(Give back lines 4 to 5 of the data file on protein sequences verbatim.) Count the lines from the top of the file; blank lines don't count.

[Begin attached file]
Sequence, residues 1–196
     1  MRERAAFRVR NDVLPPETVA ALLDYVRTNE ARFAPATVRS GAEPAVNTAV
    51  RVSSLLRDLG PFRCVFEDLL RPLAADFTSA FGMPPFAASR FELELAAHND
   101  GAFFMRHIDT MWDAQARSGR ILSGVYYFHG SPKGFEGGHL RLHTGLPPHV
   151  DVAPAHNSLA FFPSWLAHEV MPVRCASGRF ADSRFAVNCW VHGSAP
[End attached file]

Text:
   101  GAFFMRHIDT MWDAQARSGR ILSGVYYFHG SPKGFEGGHL RLHTGLPPHV
   151  DVAPAHNSLA FFPSWLAHEV MPVRCASGRF ADSRFAVNCW VHGSAP